Advanced search

Advice please - feisty (just) 2 year old not responding to me :(

(14 Posts)
Trixi72 Thu 03-Jan-13 14:49:43

Hi, I am needing some advice. My son is mostly a lovely but lively boy. He's just 2 I have been firm but fair from quite early on (since he knew he was being cheeky really - about 15 months). we've had "time out" etc. and use reward charts for good behaviour. However, I am now having great problems when it's just me (with daddy he's fine!). He refuses to respond to requests (nappy changing, getting dressed, getting into the buggy, car seat etc). Some of these are just very frustrating (we try counting 1-3 - sometimes works - but then withdraw a privilege) but sometimes especially when we're out, it feels almost dangerous, and that he is holding me to ransom. I often literally cannot get him into the car seat, or buggy etc. He is very very strong, I can't do time out because we're often by a road or in a car park. If I try picking him up, he usually hits me or scratches me. Today trying to get a loaf of bread from the corner shop turned into something from Nightmare on Elm Street. Any advice please?.....I really need some tips. Thanks.

anothercuppaplease Thu 03-Jan-13 15:34:38

Hi, he is very little to understand and respond to time out and reward chards. I think that you should
- understanding that behaviour considered 'naughty' by us adults is often simply a way that a child learns;
- most of what you say are difficult behaviour are normal developmental behaviour, you can manage it, help him through it, help him learn, but punish him - not always, sometimes you have to think of what your priorities are;
- find a way of managing his behaviour which is positive and appropriate for his age;
- and finally, pick your battles. If you give him time out for little things, then it will be difficult for you to find a method that works when he really misbehaves, or does something that is not safe and you need it to learn quickly. Keep time outs and punishment like taking away a toy for bigger issues.

Find a way to distract him before the tantrum starts, learn to read the clues and distract, distract, distract. Make things fun and interesting for him.

Inclusionist Thu 03-Jan-13 16:29:56

I think he is too little to be able to respond to any of these behaviour 'management' strategies TBH. My own DS is 2.4 and I work with children with behavioural difficulties. My DS would not understand any 'modification' method (like reward charts) yet. They have to develop their understanding of cause and effect and the ability to delay gratification before any of that will have an effect.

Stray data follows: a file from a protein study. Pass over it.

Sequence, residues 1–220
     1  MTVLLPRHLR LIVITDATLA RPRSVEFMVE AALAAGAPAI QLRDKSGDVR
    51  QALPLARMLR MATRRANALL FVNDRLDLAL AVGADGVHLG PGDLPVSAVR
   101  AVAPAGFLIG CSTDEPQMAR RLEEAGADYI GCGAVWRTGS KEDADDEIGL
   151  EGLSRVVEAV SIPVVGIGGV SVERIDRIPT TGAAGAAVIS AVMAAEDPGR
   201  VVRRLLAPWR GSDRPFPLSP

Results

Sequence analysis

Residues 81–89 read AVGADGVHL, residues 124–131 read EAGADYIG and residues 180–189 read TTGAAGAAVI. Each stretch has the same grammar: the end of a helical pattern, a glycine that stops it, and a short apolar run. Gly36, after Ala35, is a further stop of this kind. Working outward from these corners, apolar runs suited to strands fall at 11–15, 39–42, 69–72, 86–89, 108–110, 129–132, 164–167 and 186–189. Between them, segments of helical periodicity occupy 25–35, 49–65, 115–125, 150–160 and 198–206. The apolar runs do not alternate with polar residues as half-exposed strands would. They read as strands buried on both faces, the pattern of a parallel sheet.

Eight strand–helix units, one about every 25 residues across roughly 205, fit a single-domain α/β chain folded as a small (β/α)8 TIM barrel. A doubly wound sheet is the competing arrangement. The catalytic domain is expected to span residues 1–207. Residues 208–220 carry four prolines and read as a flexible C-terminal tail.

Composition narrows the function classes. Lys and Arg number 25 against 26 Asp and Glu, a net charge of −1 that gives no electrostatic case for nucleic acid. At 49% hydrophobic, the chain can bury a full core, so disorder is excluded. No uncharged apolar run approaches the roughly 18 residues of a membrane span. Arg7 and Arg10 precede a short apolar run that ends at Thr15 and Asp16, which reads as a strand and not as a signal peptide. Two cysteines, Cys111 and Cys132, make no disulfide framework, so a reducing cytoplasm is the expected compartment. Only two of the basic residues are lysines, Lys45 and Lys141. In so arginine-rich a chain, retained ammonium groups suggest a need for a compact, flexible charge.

I agree with cuppa and would add;

make sure he gets enough 'free range chicken' time when he doesn't have to be nagged to behave in a certain way. I use the great outdoors for this.

try to minimise the amount of toddler-unfriendly stuff he has to do (like shopping). Do online shoping etc.

toddler-proof well to cut down on battles at home.

be prepared to just do stuff to him that has to be done (like getting dressed) without his consent. My DS is also very big and strong and will refuse to get dressed but I just corner him in a VERY bright and breezy way, effusing about what a good boy he is for getting dressed, and do it anyway! He knows it is inevitable that it will happen so he is giving in quicker and quicker. I always hug him and praise him afterwards however much of a sod difficult he has been during the process.

try making things a game- 'how fast can you jump into your carseat' etc.

My DS does still have meltdowns but I actually manage to railroad him into doing quite a lot of things that he doesn't really want to do by overwhelming him with faked cheerfulness and enthusiasm.

Jeezaloo Fri 04-Jan-13 06:12:20

Oh, good thread. I need all the help I can get!!

DS (2.2) is the same. Usually a little angel, but sometimes out of control.

Yesterday walking home, he ran on ahead and didn't stop when we told him to. He was about to run into the road, when DH told him to stop and picked him up and explained that it was dangerous. DS lashed out and hit DH round the face. We told him to say sorry and he refused. DH said, "that's it, no toys, no TV, just bath, milk and bed" (it was bedtime by the way). Is this the best way to handle it? It seemed a little strong, but then he was about to run into the road, so needed to understand.

I work FT and DH looks after DS full time, so I don't feel I can interfere with his parenting too much, but we're both a bit clueless about how to, and how much to discipline DS.

Being 2 sucks!

Inclusionist Fri 04-Jan-13 08:01:15

I really don't think your DS would be able to associate having things removed at a later point in time with nearly having run into the road. He doesn't understand the dangers of the road- to him he was just running, which feels lovely, so he didn't want to stop. By the time you got him home he wouldn't associate anything else that happened as being a consequence of the road incident.